Commercial kitchen equipment such as meat slicers and bakery mixers are considered hazardous pieces of machinery. Although machine like commercial slicers and mixers have individual safety precautions, machines like these often have machine guards already in place to protect the operator. Before attempting to operate any type of commercial kitchen equipment, be sure to check out the manufacturer’s operations manual.
Machine Guards Have a Purpose
All machine guards are designed to keep the operator safe. It is important to understand how these safety features work. Machine guards should perform the following functions:
- Protect the operator from sharp edges and moving parts.
- Fit securely and not be easily broken off from the machine.
- Protect against anything falling into the machine.
- Create no new hazards by adding sharp edges or corners a worker has to avoid.
Thorough Training is Crucial
Be sure that anyone operating hazardous machinery is properly trained. Proper training, especially understanding machine guards, helps to prevent injuries down the line. Here are some tips:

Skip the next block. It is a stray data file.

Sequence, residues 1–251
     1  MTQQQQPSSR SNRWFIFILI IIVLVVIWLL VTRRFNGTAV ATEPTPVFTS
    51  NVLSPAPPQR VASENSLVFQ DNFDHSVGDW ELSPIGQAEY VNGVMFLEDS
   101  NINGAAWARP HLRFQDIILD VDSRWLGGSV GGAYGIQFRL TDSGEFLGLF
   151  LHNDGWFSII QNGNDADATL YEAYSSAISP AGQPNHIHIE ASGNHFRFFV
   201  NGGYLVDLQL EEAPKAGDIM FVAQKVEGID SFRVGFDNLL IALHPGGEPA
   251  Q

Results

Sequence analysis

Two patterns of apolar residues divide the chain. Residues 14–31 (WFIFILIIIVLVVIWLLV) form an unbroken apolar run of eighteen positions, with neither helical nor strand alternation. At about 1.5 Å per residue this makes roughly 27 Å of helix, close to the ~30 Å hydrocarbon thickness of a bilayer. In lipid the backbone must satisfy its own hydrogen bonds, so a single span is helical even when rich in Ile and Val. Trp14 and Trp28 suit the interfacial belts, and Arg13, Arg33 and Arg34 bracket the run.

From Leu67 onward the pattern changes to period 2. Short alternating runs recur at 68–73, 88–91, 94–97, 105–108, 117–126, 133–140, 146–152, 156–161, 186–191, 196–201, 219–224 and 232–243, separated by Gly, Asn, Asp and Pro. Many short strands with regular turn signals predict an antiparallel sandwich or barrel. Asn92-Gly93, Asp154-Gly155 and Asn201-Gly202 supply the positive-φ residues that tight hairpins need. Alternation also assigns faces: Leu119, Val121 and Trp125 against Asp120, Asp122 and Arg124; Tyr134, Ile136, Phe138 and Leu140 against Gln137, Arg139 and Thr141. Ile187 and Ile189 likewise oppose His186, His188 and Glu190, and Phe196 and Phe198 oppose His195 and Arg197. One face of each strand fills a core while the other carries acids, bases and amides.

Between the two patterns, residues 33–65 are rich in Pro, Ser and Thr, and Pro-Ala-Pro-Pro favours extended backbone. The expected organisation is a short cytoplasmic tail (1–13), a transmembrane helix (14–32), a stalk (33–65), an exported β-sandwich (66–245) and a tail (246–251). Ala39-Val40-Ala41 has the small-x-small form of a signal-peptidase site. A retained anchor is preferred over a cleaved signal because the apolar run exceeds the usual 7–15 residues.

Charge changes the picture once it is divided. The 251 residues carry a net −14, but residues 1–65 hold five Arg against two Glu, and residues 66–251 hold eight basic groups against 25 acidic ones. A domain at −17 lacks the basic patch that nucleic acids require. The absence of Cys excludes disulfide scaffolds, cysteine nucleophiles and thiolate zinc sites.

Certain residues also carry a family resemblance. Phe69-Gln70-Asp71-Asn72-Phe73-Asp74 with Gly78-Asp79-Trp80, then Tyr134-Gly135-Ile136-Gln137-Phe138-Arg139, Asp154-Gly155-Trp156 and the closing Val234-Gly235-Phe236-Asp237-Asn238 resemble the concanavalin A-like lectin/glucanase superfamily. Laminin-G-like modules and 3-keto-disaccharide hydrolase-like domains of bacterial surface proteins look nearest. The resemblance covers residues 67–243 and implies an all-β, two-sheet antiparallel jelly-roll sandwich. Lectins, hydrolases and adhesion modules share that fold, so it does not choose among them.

- Describe and identify the machine in full. Tell how the different parts function and which ones are most hazardous.
- Discuss safeguards and how they serve as protection against hazards.
- Give instructions on how to turn off and unplug a machine, especially before cleaning or servicing.
- Implement a plan of action if a machine guard is missing or broken.
- Always repair or replace damaged guards, covers or rails to ensure their efficiency at protecting the operator.
- Wear cut resistant gloves to stay safe.
- Secure machinery directly to work surface to prevent slipping.
- Never put hands inside a machine. Always use pushers or tampers.
- Keep long hair and loose clothing away from machines at all times.
More from The Importance of Machine Guards in the Commercial Kitchen...
- Food Safety Temperatures and The Danger Zone
- 6 Food Quality Control Tips for Restaurants
- 8 Tips for Safe Food Storage in Your Restaurant
- Top 10 Food Safety Tips for the Commercial Kitchen
- Types of Restaurant Food Safety Certification
- Proper Fruit and Produce Washing
- Safe Ice Handling
- Filtered Water Makes The Best Ice
- When to Accept or Reject Fresh Meat, Poultry and Seafood
- How Commercial Kitchen Operators Can Obtain a Food Handler's Permit
Back to The Importance of Machine Guards in the Commercial Kitchen